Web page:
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Could Foods Be Causing Your Child's Ear Infections?

Jennifer Kazemka, PharmD Candidate 2005
Nesbitt School of Pharmacy, Wilkes University, WilkesBarre, PA

Prepared during Consumer Health Information Corporation Clerkship
McLean, VA

How many sleepless nights have you spent trying to comfort your child who is crying from the pain of an ear infection? Most parents take the child to the doctor if they think he or she has an ear infection and get a prescription for an antibiotic. It is important to get rid of the ear infection and take steps so that the child does not have permanent damage.

But many parents find that their child gets ear infections over and over again and don't know why. Many parents make the mistake that ear infections are just something most children have and nothing can be done to prevent them.

But, it turns out that there may be something parents can do!

What many parents don't know is that the "hidden" cause of many ear infections in children may be due to food allergies. Children can be born with allergies to food or may develop them because certain foods were introduced into their diet too early.

Food allergies are common especially in the first three years of life. As many as 79% of children with recurrent ear infections get them because of allergies. The most common foods that children may be allergic to are:

  • Milk
  • Soy
  • Egg whites
  • Wheat
  • Fish
  • Peanuts

How can these foods cause an ear infection?
It is possible that your child may have an allergic reaction to one of these foods. The allergic reaction can cause the tube connecting the ear to the throat to swell. When this happens, fluids that normally contain bacteria in the throat get trapped in the ear. The warm, dark tube in the ear is a perfect place for bacteria to grow. This can cause an ear infection. Signs that your child may have an ear infection are runny or stuffy nose, cough, fever, or irritability.

Should my child be tested for food allergies?
Parents should consider food allergy testing if he or she has frequent ear infections. Talk with your child's doctor to see if your child should be tested. Three of the most common tests are:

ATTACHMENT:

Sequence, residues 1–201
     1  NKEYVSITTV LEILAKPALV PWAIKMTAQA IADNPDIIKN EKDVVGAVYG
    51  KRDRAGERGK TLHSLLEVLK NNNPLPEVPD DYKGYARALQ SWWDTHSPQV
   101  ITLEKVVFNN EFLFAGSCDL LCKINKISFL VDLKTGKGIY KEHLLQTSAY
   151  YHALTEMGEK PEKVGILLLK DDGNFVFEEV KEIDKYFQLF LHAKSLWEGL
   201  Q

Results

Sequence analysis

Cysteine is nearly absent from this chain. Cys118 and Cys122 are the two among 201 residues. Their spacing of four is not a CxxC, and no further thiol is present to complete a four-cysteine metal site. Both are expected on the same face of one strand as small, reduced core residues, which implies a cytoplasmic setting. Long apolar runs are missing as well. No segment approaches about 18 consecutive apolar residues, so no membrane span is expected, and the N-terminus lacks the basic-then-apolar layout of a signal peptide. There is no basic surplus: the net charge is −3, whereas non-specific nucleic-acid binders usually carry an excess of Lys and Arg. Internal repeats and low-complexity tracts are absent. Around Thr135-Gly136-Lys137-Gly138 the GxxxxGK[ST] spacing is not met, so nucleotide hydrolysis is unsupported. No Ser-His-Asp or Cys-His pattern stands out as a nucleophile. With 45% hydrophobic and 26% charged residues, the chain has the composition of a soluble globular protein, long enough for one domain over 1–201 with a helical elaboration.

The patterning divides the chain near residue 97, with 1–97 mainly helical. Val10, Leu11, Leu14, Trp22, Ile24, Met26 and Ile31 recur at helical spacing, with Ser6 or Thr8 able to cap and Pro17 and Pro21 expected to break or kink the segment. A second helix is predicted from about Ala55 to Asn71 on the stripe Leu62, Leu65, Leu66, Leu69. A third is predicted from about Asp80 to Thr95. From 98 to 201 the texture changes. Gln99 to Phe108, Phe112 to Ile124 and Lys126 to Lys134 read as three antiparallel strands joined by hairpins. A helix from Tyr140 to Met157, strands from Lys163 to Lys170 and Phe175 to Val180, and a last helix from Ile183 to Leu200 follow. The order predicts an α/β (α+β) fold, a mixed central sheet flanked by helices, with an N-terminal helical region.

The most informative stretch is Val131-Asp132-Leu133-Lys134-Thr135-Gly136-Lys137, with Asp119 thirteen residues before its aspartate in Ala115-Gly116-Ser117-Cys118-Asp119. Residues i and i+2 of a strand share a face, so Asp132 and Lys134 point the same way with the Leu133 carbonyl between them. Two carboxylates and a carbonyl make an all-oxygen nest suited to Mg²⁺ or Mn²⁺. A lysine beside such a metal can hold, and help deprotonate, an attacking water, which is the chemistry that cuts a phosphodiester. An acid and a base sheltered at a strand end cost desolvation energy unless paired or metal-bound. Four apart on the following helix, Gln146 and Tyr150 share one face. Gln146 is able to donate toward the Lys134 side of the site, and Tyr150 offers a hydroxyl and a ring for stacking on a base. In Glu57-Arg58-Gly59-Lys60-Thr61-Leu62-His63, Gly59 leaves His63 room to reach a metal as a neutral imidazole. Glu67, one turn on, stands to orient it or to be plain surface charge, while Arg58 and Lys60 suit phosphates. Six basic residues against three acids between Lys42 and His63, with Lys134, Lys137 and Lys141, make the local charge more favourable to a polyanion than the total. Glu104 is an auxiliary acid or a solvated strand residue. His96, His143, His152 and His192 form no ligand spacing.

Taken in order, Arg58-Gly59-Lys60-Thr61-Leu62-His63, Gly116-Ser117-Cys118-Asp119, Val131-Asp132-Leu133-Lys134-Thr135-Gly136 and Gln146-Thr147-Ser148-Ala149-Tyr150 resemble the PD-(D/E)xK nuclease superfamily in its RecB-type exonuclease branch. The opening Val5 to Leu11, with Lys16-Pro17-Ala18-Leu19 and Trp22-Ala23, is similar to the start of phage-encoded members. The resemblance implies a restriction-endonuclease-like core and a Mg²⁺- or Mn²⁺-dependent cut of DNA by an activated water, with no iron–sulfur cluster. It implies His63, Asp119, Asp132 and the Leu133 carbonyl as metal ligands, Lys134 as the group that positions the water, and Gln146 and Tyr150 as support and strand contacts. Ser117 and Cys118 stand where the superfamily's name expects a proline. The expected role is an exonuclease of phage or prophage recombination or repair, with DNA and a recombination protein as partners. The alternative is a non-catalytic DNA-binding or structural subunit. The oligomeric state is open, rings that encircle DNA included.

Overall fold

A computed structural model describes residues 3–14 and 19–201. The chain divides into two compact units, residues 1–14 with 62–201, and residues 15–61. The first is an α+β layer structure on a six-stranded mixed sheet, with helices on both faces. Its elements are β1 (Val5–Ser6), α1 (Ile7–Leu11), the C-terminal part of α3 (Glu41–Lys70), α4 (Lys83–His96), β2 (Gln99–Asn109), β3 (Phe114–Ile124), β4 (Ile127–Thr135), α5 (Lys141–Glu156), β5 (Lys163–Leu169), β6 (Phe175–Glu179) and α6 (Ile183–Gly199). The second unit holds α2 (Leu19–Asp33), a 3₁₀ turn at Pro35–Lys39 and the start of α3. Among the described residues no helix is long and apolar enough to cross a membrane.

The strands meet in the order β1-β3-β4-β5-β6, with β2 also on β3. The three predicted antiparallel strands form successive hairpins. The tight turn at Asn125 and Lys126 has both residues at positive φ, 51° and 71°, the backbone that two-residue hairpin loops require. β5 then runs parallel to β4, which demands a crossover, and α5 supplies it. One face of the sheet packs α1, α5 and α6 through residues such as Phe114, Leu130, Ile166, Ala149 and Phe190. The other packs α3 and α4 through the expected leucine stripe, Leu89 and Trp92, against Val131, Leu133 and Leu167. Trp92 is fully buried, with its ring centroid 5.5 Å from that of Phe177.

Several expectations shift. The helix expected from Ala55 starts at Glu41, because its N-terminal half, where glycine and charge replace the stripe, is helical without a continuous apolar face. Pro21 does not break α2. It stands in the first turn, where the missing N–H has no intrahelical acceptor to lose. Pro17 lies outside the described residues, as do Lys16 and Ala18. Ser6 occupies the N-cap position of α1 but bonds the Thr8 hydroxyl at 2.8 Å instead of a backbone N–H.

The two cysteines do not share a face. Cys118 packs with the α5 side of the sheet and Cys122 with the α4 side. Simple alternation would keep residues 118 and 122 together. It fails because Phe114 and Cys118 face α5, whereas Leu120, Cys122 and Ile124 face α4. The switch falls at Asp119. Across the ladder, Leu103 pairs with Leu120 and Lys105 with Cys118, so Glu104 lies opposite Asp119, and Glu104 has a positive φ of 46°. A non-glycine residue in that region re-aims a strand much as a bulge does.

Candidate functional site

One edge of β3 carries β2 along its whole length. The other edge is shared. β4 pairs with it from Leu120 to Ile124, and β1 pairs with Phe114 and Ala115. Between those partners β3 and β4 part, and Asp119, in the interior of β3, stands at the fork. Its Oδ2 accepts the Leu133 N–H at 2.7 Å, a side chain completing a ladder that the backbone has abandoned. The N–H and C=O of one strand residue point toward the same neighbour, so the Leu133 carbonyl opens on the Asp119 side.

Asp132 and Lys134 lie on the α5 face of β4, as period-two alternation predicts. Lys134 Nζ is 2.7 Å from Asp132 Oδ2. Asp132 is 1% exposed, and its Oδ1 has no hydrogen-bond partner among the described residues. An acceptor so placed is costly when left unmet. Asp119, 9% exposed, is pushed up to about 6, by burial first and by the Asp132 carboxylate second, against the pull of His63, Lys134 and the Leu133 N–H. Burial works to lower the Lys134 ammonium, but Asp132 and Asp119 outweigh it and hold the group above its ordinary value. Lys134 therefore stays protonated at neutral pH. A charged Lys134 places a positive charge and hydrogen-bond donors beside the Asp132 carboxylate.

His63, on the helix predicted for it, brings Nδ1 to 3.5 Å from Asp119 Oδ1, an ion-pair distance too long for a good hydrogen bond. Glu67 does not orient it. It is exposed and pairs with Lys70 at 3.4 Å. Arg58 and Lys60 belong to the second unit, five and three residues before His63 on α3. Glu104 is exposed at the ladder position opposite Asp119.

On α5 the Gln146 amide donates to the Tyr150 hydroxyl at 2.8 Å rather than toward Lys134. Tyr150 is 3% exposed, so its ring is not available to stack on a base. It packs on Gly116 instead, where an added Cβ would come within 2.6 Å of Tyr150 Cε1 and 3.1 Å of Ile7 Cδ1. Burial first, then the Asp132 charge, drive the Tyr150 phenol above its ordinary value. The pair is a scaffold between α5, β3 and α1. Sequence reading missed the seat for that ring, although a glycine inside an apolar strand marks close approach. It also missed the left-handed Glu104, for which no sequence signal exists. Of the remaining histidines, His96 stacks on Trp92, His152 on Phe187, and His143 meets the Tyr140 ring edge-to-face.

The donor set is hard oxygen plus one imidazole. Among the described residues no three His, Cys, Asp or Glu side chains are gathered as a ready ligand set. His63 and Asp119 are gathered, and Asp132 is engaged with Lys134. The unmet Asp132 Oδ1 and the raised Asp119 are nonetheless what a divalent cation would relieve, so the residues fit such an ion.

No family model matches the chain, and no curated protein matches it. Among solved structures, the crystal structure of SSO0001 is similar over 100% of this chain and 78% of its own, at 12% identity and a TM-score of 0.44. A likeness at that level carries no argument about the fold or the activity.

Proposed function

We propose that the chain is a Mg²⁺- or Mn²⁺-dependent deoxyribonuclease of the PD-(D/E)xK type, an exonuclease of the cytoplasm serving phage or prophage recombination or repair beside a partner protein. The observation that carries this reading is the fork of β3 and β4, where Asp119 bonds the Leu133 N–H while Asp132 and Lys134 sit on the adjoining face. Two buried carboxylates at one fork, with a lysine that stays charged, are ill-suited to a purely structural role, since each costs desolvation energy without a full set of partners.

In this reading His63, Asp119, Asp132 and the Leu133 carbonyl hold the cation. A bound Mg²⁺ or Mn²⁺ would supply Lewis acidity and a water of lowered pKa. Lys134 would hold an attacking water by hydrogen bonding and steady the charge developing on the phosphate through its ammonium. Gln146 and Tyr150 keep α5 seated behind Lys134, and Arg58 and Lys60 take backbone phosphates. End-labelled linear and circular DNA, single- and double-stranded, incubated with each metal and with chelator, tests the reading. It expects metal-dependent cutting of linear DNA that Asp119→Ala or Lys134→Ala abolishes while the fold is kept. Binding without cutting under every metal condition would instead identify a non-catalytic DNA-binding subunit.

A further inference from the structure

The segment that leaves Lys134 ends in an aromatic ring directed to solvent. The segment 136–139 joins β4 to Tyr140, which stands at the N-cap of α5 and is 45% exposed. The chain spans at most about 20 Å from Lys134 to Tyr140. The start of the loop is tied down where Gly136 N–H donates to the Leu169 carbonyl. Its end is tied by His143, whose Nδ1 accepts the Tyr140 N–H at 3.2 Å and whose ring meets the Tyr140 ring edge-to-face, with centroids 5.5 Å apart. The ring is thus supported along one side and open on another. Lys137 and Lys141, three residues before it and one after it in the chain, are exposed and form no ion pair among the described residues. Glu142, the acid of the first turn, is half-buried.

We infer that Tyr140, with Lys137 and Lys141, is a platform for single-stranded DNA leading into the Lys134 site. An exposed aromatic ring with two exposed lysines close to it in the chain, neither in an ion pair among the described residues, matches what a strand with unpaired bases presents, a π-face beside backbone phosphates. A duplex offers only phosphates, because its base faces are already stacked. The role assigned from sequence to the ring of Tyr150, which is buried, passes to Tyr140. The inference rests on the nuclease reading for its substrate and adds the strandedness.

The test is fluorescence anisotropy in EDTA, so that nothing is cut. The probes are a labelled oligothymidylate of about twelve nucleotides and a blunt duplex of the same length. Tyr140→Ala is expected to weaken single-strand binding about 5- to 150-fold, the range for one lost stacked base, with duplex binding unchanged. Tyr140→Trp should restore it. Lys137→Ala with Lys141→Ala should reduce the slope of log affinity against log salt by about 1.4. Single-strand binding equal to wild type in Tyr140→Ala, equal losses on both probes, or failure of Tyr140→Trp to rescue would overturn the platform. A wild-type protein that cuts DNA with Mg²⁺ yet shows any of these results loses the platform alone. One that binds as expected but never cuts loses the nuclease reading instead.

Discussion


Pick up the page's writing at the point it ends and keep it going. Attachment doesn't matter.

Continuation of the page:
Skin prick test
Small amounts of substances of different allergies are put on the child's skin. Tiny needles are used to gently prick the skin so that the substances can get underneath the skin. It is usually done on the forearm. In children younger than 3 years old, it may be done on the back.

Results are known within 15-20 minutes. If your child is allergic to any of the foods, the skin usually will become red, swollen, or itchy. If the reaction is negative nothing will be seen around the skin prick. Sometimes the doctor may have to do additional tests to double-check the results.

Food elimination/challenge test
This is a test where you do not give your child one or more of the suspected foods for about one week. Milk is usually tried first since that is the most common food allergy that may lead to ear infections.

After a certain period of time (usually around one week), there should not be any of that food left in the child's body. The doctor will give your child one of the foods that was taken out of the diet to see if your child will have an allergic reaction. Food challenge tests should always be done under a doctor's care in case a serious allergic reaction happens.